future thinkers update

Dial S for Service

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Despite advances in technology, young consumers prefer to use the humble telephone to reach their favourite brands  
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Phone trumps Facebook chat – for now

Young consumers are often portrayed as self-contained Facebook addicts who only communicate by text. If true, it should be very easy for companies to reach them with a few clever viral campaigns and self-service customer help desks – so why isn’t it?

The main problem is that the stereotype outlined above does not fit the reality. If anything, the customer behaviour of teenagers and young adults is more akin to what we traditionally associate with over-25s.

While texting and Facebook are the preferred tools for communicating with friends and relatives, the phone is actually more influential with them in purchasing decisions and a strong personal interaction with a company has a huge impact on the brand loyalty of the younger audience.

In short, reaching young consumers requires use of more communication channels, not less. The goal of customer service for Generation Y must be constant and instant interaction. Plus, each of these channels must be state-of-the-art.

However, a key finding of our Future Consumer study is that young and older consumers interact with brands in broadly the same ways: when dealing with companies, for the foreseeable future at least, we all prefer the telephone and email.

Clearly, social networking sites (SNS) are becoming increasingly important because, according to many of those we questioned, “it is the first thing [they] use” – but it is significant that they are referring to their personal lives, not necessarily for communicating with organisations.

So let’s have a closer look at the figures from our Future Consumer research and analyse what they tell us.

In general, one in five people communicate through mobile instant messenger and, as a rule, texting increases with age. However, the phone is still the most popular communication tool among under-18s: seven out of ten like to call and 71% text their friends and family.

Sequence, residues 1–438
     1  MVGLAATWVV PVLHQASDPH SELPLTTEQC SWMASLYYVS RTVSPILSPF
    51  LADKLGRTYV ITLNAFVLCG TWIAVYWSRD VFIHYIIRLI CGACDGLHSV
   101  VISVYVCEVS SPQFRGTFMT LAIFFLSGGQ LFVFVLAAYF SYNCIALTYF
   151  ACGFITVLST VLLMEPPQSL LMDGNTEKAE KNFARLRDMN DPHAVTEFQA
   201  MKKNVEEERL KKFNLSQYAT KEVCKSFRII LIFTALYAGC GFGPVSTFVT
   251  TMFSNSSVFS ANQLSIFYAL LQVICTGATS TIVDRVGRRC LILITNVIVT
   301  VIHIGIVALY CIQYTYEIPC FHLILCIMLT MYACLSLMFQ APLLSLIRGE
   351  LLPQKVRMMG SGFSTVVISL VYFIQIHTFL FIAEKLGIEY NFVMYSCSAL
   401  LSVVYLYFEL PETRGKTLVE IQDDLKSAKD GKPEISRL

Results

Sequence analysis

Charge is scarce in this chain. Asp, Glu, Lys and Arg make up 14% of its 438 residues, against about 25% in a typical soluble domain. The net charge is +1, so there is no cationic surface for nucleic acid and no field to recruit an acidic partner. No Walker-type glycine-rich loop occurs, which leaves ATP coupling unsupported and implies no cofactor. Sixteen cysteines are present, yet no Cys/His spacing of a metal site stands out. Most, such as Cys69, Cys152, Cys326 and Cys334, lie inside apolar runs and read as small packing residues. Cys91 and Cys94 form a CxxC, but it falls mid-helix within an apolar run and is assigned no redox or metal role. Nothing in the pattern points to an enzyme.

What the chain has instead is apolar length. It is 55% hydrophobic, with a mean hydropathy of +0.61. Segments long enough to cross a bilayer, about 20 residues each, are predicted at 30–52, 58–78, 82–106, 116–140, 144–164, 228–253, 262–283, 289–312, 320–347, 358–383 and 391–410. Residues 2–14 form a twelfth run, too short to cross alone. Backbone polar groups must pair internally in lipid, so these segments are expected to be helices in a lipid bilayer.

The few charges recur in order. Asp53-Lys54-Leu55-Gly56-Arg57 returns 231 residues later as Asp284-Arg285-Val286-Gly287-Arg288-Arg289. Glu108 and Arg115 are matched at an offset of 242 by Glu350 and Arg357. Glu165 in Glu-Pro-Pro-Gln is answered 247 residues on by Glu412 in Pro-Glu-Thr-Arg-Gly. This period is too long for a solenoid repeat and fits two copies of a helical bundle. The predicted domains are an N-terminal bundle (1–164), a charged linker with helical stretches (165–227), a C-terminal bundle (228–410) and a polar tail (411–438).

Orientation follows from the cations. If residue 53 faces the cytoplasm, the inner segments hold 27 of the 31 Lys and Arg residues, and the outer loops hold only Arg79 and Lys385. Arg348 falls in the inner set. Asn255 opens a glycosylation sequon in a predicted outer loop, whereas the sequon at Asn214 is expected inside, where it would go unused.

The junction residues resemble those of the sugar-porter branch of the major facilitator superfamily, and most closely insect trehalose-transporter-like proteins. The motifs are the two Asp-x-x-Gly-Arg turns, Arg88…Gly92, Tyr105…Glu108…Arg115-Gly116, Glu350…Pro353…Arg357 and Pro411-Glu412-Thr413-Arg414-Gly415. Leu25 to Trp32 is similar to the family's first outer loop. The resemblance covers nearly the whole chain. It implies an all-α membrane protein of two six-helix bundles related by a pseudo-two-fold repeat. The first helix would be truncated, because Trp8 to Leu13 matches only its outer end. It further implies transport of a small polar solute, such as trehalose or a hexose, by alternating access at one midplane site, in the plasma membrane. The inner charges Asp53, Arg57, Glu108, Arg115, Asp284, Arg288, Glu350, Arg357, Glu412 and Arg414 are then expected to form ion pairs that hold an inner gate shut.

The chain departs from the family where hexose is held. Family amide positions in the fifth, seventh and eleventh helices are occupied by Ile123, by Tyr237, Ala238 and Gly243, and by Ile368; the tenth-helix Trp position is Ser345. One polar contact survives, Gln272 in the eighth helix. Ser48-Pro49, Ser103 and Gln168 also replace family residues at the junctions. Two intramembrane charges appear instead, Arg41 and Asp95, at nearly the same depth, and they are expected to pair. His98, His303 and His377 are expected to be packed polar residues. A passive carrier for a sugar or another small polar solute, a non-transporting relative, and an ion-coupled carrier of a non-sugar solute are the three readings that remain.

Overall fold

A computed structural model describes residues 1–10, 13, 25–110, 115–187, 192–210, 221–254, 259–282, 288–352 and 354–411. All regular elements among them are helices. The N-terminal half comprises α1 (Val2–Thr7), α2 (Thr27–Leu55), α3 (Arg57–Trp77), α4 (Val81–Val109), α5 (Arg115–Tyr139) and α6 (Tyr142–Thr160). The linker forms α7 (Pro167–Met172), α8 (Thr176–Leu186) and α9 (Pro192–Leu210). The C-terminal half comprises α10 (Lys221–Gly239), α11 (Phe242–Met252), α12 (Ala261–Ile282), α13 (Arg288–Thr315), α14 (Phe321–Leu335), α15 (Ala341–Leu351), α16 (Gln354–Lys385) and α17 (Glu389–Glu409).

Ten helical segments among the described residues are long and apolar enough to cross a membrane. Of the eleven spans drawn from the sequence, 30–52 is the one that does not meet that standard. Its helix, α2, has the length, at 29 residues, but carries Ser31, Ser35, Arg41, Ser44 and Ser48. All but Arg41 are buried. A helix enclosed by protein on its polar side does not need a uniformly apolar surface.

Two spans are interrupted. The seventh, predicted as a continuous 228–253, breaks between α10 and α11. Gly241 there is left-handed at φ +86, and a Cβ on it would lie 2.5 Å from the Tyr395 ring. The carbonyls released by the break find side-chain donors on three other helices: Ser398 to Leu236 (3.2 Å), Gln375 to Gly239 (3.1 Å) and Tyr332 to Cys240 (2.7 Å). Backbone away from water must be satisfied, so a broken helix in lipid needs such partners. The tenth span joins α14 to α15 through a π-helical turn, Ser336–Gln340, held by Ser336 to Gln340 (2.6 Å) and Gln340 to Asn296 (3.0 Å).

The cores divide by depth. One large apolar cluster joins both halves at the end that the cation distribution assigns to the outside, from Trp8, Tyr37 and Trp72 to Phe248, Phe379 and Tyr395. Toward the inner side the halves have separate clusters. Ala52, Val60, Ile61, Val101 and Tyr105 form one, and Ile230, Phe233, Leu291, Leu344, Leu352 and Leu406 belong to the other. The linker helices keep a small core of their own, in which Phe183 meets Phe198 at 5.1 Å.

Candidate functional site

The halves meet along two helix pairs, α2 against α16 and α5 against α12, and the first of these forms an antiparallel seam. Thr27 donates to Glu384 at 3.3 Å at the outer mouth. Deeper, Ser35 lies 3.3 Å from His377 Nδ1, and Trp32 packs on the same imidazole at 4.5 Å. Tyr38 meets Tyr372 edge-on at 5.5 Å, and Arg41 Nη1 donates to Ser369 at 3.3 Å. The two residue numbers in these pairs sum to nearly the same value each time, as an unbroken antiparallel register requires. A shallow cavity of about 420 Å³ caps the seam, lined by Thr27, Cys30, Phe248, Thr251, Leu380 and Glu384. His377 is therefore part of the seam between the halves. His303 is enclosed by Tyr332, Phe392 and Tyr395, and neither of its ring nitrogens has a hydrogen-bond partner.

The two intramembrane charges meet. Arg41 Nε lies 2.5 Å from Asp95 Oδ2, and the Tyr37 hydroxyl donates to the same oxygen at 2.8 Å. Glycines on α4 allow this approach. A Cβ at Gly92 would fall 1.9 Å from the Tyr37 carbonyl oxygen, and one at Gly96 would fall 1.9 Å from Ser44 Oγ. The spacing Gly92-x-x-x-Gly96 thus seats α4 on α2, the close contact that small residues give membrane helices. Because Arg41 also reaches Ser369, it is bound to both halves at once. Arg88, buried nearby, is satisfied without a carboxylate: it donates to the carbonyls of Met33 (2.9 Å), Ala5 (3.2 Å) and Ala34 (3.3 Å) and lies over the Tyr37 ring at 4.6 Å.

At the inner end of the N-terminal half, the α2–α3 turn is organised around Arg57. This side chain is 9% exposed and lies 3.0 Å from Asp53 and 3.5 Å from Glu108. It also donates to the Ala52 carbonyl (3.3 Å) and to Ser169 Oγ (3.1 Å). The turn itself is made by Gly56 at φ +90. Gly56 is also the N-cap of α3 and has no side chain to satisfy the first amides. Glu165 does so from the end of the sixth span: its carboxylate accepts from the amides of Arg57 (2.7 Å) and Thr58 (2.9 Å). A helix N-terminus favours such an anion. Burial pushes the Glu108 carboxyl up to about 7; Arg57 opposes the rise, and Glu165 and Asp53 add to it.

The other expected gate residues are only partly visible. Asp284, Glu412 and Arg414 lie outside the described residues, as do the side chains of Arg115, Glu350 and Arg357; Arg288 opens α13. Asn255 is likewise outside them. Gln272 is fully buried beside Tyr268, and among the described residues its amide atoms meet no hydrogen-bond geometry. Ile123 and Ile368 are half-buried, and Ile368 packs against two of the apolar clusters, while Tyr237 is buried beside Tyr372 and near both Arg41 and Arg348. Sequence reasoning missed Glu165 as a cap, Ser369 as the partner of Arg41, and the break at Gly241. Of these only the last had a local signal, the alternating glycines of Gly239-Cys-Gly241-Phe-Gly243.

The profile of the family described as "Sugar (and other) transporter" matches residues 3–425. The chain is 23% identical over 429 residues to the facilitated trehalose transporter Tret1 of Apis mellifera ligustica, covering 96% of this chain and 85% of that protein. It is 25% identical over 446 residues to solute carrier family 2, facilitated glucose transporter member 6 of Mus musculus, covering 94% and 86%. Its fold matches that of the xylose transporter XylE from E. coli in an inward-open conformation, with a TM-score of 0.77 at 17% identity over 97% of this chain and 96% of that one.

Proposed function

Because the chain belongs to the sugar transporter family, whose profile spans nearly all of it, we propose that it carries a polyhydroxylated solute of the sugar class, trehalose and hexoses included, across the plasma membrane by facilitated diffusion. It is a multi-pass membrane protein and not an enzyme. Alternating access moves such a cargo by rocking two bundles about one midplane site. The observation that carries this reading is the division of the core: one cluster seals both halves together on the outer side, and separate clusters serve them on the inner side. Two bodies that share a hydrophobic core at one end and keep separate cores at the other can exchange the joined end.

Inevitably, Facebook is growing in importance. It is the favoured means of communication for 58% of those questioned, which is 8% higher than email. This is especially true of the 12- to 14-year-old age group.

However, this usurping of email still has some way to run. It remains the preferred channel of contact with a company for 38% of under-25s, far higher than any of the alternatives. Interestingly, the figure for over-25s is a very similar 42%.

Email is popular among under-25s for corporate communications because it acts like a filter. Whereas they are comfortable about being public property with their “friends” on Facebook, email allows them to be more discerning about who to let into their world.

They would see no reason to be shy about pictures of them having fun on holiday, but they know the value of their email data to marketing departments and it is almost as if they are forcing companies to work harder to get to them.

However, when under-25s latch on to an organisation they like they will tend to communicate with it much more than older consumers – and when this bond of trust is established they will want to use all channels, from video chat to Twitter.

Online channels such as social networking are more likely to influence purchase decisions for under-25s than older consumers. Around 60% of the younger generation find browsing the internet a fun way of killing time which makes them more likely to be influenced by product suggestions or well-received products or services on review sites.

Nevertheless, and despite under-25s being savvy with technology, the use of the traditional channels of phone and email has a positive influence on the impression of a company three times stronger than the use of newest technology.

Around seven out of ten under-25s say how they are spoken to and the way they feel they are treated is very important when dealing with companies. Phone and web chat gives them a feeling of being looked after and one-to-one attention.

However, the good impression that can be created can also be fragile. Too much contact irritates, especially unsolicited sales calls. This might explain why around 30% of consumers try to have minimum contact with companies.

As a general rule, a broad range of communications from a company across many diverse technology platforms can positively influence under-25s more than it does the older generation.

So, that self-absorbed addiction to Facebook and texting so common in the stereotypical view of the young, far from being an alienating barrier to the outside world, can actually be exploited very effectively to win over the future consumer. Just remember to call or email first.

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